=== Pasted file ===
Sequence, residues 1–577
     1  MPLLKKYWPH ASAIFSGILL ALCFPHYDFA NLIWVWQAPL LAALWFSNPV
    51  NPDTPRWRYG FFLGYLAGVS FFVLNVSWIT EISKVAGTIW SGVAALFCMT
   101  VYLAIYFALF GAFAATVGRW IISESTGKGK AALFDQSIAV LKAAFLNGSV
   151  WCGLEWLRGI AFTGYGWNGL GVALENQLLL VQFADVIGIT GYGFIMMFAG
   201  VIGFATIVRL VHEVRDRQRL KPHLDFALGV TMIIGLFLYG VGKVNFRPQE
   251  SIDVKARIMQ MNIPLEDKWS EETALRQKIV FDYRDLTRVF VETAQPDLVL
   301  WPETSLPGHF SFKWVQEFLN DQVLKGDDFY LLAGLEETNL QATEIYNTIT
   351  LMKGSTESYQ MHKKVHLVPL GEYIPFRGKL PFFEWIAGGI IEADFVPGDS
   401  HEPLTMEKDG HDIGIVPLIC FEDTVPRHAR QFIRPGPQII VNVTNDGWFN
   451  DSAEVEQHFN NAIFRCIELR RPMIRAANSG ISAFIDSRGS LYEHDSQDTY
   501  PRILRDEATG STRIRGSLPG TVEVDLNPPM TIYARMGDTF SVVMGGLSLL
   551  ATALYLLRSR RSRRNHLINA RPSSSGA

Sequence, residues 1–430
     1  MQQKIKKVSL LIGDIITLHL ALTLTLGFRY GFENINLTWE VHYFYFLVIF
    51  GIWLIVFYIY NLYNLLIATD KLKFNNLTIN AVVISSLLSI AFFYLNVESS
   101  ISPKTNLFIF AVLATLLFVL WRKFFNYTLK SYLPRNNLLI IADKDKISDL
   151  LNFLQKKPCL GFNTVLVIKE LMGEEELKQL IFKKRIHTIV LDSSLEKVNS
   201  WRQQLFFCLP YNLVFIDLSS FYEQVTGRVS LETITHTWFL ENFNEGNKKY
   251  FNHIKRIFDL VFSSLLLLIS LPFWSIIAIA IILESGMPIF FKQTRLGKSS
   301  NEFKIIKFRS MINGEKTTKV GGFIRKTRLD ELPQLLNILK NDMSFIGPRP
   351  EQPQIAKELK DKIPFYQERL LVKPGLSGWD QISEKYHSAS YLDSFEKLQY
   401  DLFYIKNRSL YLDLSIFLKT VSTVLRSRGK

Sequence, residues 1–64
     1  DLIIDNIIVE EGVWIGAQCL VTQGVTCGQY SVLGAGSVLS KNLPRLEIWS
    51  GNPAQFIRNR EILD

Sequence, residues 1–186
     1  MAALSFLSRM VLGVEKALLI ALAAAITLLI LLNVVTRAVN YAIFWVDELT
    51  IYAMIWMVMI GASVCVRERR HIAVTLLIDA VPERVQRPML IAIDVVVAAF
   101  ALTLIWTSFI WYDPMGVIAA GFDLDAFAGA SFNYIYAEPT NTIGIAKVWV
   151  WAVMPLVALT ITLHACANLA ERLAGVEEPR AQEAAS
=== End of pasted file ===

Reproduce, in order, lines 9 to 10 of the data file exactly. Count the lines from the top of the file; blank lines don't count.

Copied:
   351  LMKGSTESYQ MHKKVHLVPL GEYIPFRGKL PFFEWIAGGI IEADFVPGDS
   401  HEPLTMEKDG HDIGIVPLIC FEDTVPRHAR QFIRPGPQII VNVTNDGWFN